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TORONTO — BMO Field is normally home to Eriq Zavaleta. But the Toronto FC centre back will be in enemy colours Wednesday when El Salvador takes on Canada in World Cup qualifying play.
The Indiana-born Zavaleta qualifies for El Salvador through his father Carlos, who was born there and represented the Central American country at the youth level. And Eriq, a former U.S. youth international, has become a fixture at the heart of El Salvador since joining the team earlier this year.
He knows he will see another side of BMO Field on Wednesday.
"It'll be different, for sure," Zavaleta said from the El Salvador team hotel in Toronto. "Coming out of a different (locker-room) door. And coming on a bus to the stadium and wearing different colours, against the fan support of the home team. Those things will all be different.
"But I'm excited just to be able to play in front of these fans, in front of my family and friends here in Toronto. I'm excited to play against this team."
"I've watched this Canada team grow from a team who wasn't expected to do anything to now a team who's expected to go to the World Cup," he added. "They have expectations now. They have good players who play not only domestically in the MLS but also players who play in Europe. So I think it will be a good test for us."
Zavaleta has been to BMO Field before as a visitor, early in his MLS career. He started for Chivas in a 3-0 loss in Toronto in September 2014 in what was Greg Vanney's first win as TFC coach.
"It feels like forever ago," said Zavaleta.
"I remember those (away) games but not all too well," he added. "It will feel very unfamiliar to be on the other side."
Zavaleta has won 10 caps for El Salvador, playing in a backline alongside centre back Ronald Rodriguez and fullbacks Alexander Larin and Bryan Tamacas.
El Salvador, ranked 64th in the world, opened the final qualifying round with scoreless draws at home against the 10th-ranked U.S. and No. 63 Honduras at Estadio Cuscatlan in San Salvador.
"If you look historically throughout the qualifiers, getting points at home is really important and so I think we're not satisfied by two points," Zavaleta said. "But at the same time the first game was against the United States, which is one of the top teams in CONCACAF. I I think if you'd asked us before, we would accept it. But now, obviously, every game becomes more important.
"We're content with not giving a goal and keeping us in games but we know we need to score goals in order to win games," he added. "And in order to get points, we need to win games. That's the focus now."
No. 59 Canada tied Honduras and the U.S. by 1-1 scores in its first two final-round matches.
El Salvador's defence has been impressive in 2021, with nine shutouts in 12 competitive matches. Only Mexico (1-0) and Qatar (3-2), at the Gold Cup, and Montserrat (1-1), in first-round World Cup qualifying, breached the El Salvador goal.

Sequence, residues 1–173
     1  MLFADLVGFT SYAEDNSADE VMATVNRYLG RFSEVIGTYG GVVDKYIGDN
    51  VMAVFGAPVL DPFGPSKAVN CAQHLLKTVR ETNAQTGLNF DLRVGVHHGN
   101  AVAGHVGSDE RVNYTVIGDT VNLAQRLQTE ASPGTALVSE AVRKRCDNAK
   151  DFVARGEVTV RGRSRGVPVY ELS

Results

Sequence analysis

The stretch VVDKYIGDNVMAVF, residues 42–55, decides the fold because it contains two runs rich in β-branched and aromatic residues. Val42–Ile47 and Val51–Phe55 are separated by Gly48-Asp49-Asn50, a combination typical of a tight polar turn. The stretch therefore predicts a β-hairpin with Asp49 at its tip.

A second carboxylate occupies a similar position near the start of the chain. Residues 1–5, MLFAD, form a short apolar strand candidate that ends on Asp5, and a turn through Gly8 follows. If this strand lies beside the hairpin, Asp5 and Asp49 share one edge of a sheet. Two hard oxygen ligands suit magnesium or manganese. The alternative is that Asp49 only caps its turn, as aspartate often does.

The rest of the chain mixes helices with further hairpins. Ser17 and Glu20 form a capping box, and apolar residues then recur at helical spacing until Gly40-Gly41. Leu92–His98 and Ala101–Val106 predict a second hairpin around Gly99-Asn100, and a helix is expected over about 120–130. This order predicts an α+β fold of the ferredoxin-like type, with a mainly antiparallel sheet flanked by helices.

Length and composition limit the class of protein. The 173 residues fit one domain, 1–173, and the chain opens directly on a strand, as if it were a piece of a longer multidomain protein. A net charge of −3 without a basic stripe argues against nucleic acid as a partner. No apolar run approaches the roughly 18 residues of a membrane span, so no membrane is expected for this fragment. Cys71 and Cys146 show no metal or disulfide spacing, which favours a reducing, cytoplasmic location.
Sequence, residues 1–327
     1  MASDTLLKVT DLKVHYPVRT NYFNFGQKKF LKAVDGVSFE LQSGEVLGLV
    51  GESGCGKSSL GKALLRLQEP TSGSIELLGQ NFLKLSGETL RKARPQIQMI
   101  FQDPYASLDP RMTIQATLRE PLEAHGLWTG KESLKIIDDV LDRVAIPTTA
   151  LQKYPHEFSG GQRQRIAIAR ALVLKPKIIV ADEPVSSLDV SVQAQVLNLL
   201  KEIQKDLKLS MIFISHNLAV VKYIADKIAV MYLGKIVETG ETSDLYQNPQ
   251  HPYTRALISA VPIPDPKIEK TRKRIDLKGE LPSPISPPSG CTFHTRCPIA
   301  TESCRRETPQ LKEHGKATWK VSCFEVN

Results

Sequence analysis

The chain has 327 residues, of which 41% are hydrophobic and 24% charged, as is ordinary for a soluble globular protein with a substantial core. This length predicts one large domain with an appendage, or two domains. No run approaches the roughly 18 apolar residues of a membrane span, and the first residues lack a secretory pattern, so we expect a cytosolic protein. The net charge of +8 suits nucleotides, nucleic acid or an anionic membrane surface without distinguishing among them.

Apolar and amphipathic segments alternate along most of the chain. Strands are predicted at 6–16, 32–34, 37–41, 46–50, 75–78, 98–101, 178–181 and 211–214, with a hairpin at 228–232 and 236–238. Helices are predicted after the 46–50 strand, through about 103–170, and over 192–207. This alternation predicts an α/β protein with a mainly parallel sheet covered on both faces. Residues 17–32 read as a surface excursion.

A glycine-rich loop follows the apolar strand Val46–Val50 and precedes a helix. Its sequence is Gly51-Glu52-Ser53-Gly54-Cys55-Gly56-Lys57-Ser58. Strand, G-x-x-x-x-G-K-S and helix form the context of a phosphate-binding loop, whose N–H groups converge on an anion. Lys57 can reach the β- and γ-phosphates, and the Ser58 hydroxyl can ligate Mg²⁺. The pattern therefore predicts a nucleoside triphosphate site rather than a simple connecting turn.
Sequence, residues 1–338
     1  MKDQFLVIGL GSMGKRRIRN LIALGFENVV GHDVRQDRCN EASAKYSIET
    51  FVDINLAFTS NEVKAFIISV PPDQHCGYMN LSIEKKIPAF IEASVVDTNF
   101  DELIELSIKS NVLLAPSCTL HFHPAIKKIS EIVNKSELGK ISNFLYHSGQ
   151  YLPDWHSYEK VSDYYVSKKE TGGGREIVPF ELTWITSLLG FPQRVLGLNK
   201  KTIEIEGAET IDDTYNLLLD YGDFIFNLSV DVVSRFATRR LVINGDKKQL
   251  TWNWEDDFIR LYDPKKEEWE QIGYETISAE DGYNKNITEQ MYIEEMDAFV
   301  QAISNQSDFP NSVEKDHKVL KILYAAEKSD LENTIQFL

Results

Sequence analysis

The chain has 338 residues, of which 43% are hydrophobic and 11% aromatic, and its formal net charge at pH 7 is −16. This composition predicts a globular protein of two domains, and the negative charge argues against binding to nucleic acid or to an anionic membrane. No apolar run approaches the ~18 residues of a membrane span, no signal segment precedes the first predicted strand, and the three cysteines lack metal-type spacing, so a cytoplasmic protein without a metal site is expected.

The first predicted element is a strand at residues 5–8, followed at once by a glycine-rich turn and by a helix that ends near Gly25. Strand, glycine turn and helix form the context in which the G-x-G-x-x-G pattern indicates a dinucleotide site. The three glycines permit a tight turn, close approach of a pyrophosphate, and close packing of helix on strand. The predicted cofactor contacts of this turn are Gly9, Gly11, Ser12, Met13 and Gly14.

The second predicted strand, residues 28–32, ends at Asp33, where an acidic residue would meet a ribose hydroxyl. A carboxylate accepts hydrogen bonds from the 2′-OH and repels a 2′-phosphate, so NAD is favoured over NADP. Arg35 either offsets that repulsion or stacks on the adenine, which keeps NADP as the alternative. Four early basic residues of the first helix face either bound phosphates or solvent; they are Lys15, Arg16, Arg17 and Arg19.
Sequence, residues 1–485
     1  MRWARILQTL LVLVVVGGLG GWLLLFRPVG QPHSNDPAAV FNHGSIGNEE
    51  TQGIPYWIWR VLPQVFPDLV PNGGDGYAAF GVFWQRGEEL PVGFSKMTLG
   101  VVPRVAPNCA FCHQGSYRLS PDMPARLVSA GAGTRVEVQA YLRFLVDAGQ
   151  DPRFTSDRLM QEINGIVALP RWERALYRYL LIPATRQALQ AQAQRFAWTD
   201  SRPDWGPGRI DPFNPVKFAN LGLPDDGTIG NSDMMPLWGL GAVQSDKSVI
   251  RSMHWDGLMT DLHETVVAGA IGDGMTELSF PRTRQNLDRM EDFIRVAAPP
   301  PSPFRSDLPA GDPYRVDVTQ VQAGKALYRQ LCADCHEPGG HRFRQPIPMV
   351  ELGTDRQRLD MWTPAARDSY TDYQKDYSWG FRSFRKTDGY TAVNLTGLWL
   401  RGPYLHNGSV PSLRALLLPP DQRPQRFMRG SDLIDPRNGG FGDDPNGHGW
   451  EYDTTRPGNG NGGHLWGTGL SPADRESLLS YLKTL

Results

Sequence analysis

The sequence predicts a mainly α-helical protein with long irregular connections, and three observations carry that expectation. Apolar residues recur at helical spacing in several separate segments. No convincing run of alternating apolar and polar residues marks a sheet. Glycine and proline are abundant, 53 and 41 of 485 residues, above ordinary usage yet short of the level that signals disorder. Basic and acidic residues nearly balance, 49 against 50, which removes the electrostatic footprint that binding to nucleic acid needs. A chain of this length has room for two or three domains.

El Salvador blanked Guatemala and Trinidad and Tobago at the Gold Cup and recorded clean sheets against Grenada, the U.S. Virgin Islands, Antigua and Barbuda, and St. Kitts and Nevis (twice) as well as the U.S. and Honduras in World Cup qualifying play.
Zavaleta's father moved to the U.S. with his family when he was 18, playing at UCLA and then professionally for the Los Angeles Skyhawks and California Sunshine in the American Soccer League and Phoenix Inferno of the Major Indoor Soccer League before taking up coaching. He now runs the Indiana Soccer Academy.
Zavaleta Sr. took in El Salvador's two most recent games, in his first visit to the country in 45 years.
"It was incredible for him and for me to see him in the stands," said Eriq. "For him to go back and see his hometown house and to see the fans and the support they have for the team and everything was an incredible experience."
The El-Salvador-U.S. game particularly struck home.
"He said he sang both anthems and got emotional in the second one because the whole crowd was singing it. Just a lot of pride for both countries. He's got a lot of love for both countries so to be able to watch that game was special for him."
Eriq said the anthems at the game in San Salvador were among the best he has heard, second only to "here in Toronto for big games when the whole crowd sings it."
Zavaleta said there is a "new sense of hope" with the El Salvador side.
"And we're trying to pay it back to them on the field in a big way."
El Salvador qualified for the World Cup in both 1970 and 1982, exiting after the group stage each time.
Zavaleta played in El Salvador's first-round wins over the U.S. Virgin Islands (7-0) and Antigua and Barbuda (3-0) before helping El Salvador reach the final round of qualifying with a 6-0 aggregate victory over St. Kitts and Nevis in the second-round playoff.
The 29-year-old scored against Antigua and Barbuda, and was handed the captain's armband when skipper Marvin Monterroza came off.
He also started all four of the team's Gold Cup games.
Zavaleta, who had been in contact with several El Salvador coaches in the past, decided early last year to pursue switching his international allegiance. He started on the necessary paperwork and got his passport in time for the June 2020 international window, allowing coach Hugo Perez to call him up.
In his seventh season with Toronto, Zavaleta has made 148 appearances in all competitions, seventh on the club list.
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This report by The Canadian Press was first published Sept. 7, 2021
Neil Davidson, The Canadian Press